Qualitative studies may incorporate member checking or use an external auditor to improve the quality of the research result. However, due to time and resource constraints, it was not possible to use these methods in this study.
Implications for future research
The Medical Research Council (MRC) emphasises the importance of developing a cumulative understanding of how complex interventions work so that their effectiveness can be enhanced and applied across a diverse range of groups and settings . Previous research into mealtime interventions in care homes has tended to focus on single-component interventions and has lacked the rigour and validity merited by the complexity of the population and setting [12, 13, 49]. The current study has highlighted the complexity of the mealtime experience and the need for interventions to account for this. In particular, our findings suggest that future studies should focus on resident choice at mealtimes. For instance, there may be benefits to involving residents, meaningfully and collectively, in decisions about mealtimes, from meal planning and preparation, to seating arrangements. Collective decisions about the social environment may be a simple way of making residents feel “at home”, thereby enhancing their psychological functioning . Collective engagement, specifically the involvement of residents in group activities, has been posited as a means of building social relations within the home, alleviating residents’ sense of confinement and gaining back some control. Mealtimes that promote a social environment and a convivial atmosphere may improve mood and appetite, add meaning and structure to the day, and contribute to a greater sense of satisfaction with life [50, 51]. In addition, we found that mealtime routines were valuable, but occasional variety was necessary. On the basis of participant responses, it seems important to identify and evaluate ways to introduce variety during mealtimes. For instance, should variety be incorporated by celebrating shared holidays or by allowing choice?
This research highlights the importance of understanding residents’ routines, habits and preferences from the point at which they begin life in the care home, ensuring they are empowered to make their own decisions where possible and providing a dining environment that is social, convivial, and enjoyable. Residents’ experiences of mealtimes may provide important insight into these psychosocial influences on health and wellbeing and future interventions could consider how the physical health outcomes of residents are impacted by the social and psychological components highlighted in this study.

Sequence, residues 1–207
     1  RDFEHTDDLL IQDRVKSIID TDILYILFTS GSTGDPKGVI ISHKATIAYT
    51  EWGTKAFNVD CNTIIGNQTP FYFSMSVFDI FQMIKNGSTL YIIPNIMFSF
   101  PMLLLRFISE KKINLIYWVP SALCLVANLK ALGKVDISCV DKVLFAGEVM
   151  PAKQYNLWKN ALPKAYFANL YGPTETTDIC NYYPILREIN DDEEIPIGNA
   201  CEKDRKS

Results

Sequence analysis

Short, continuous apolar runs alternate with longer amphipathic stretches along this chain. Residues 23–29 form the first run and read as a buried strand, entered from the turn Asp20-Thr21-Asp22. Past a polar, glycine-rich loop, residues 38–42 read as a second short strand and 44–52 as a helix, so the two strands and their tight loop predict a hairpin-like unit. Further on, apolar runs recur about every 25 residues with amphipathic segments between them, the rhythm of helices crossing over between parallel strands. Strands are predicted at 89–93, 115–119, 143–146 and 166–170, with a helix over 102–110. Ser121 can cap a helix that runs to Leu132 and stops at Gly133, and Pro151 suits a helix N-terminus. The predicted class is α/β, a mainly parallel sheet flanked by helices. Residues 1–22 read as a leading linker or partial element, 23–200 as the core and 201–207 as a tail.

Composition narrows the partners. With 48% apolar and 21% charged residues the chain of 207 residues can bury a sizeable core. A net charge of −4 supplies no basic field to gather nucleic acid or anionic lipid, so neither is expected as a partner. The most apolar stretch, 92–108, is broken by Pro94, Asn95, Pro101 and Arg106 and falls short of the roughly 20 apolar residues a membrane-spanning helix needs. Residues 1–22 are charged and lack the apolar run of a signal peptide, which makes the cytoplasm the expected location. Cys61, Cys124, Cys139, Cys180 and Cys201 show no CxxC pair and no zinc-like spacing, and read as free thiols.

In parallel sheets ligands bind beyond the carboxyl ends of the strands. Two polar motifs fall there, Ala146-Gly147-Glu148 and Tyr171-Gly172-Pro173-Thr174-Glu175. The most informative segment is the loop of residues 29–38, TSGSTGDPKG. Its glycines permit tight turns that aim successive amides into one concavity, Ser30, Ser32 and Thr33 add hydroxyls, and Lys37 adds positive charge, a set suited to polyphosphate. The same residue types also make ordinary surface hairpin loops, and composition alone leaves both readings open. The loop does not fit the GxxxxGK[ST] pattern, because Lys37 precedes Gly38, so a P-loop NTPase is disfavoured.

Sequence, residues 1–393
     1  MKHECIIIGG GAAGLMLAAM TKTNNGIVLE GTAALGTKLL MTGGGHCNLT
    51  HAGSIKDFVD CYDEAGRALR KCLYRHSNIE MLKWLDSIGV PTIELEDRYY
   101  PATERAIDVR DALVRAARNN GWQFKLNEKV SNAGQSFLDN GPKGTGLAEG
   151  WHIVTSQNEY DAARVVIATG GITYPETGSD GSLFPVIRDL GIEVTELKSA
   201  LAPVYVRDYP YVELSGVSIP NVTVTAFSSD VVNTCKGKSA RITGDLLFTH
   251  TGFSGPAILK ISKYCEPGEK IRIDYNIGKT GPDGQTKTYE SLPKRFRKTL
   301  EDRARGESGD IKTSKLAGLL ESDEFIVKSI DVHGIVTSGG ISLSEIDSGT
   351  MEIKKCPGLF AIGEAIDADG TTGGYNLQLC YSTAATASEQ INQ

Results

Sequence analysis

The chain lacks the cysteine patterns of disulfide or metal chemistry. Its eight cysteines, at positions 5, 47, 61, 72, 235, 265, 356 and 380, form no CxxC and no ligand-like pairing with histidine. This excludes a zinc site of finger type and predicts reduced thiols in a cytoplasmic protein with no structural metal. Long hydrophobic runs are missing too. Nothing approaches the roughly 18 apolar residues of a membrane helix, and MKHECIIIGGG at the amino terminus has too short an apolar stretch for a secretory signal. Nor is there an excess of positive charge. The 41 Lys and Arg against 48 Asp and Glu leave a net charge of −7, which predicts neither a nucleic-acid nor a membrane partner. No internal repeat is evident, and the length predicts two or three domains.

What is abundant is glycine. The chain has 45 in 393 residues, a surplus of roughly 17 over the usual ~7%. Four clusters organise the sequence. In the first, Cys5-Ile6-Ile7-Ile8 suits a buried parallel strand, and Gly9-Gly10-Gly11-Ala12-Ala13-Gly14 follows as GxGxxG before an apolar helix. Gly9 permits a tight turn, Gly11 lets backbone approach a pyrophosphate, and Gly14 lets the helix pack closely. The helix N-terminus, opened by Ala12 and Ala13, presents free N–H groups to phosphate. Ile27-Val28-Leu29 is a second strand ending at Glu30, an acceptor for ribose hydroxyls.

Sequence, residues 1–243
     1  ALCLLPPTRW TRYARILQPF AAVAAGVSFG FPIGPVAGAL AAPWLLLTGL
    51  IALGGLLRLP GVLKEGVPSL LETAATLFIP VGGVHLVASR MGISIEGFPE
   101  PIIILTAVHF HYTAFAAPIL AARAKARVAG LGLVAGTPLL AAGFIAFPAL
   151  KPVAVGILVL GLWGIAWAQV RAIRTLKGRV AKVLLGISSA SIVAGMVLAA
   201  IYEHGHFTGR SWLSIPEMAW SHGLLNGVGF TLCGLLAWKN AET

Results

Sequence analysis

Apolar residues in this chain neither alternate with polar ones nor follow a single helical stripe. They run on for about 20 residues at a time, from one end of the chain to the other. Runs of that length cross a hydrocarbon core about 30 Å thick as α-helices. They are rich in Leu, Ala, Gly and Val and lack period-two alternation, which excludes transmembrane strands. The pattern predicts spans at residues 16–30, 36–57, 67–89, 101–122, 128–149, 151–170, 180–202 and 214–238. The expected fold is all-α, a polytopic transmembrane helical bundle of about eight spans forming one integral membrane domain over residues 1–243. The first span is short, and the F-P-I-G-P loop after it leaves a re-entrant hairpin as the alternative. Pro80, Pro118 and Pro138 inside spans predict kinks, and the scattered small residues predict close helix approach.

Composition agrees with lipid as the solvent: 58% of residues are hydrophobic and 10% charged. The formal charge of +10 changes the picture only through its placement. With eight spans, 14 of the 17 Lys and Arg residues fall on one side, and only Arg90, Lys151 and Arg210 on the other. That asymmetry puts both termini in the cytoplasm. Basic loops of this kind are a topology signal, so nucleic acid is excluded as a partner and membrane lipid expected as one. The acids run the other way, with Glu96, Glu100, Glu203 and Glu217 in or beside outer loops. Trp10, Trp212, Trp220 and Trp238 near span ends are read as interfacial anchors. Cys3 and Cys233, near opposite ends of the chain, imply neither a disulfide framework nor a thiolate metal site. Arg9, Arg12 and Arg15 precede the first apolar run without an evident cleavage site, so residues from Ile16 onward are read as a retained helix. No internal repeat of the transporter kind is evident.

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This study is part of a doctoral research project which aims to develop and test a mealtime intervention to improve the health and wellbeing of care home residents. The authors would like to thank the National Institute for Health Research (NIHR) Collaboration for Leadership in Applied Health Research and Care South West Peninsula for funding this project. The views expressed are those of the authors and not necessarily those of the NHS, the NIHR or the Department of Health.
This research was funded by the National Institute for Health Research (NIHR) Collaboration for Leadership in Applied Health Research and Care South West Peninsula.
Availability of data and materials
Data can be obtained from the corresponding author upon reasonable request.
Ethics approval and consent to participate
This study was approved by the authors’ Research Ethics Committee (Reference Number: 15/07/075). Written consent was obtained from all participants.
Consent for publication
Written consent to publish was obtained from all participants, including anonymised information about participants and anonymised quotes from their interviews.
The authors declare no competing interest.
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Watkins, R., Goodwin, V.A., Abbott, R.A. et al. Exploring residents’ experiences of mealtimes in care homes: A qualitative interview study. BMC Geriatr 17, 141 (2017) doi:10.1186/s12877-017-0540-2
- Residential care
- Older adults
- Semi-structured interviews